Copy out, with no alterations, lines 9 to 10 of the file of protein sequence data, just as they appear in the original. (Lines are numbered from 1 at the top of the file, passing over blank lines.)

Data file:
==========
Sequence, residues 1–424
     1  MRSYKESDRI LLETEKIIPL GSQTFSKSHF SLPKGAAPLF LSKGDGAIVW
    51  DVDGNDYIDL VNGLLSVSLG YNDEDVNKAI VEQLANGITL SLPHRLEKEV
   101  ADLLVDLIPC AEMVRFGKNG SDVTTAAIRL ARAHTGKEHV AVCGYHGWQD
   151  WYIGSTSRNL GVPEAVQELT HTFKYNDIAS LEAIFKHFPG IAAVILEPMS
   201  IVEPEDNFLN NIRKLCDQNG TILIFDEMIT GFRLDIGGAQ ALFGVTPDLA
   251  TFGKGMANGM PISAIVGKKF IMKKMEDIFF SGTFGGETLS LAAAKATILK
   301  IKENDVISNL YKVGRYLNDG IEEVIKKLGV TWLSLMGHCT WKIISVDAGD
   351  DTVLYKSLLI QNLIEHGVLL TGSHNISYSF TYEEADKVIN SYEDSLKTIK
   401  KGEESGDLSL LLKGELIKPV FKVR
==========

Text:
   351  DTVLYKSLLI QNLIEHGVLL TGSHNISYSF TYEEADKVIN SYEDSLKTIK
   401  KGEESGDLSL LLKGELIKPV FKVR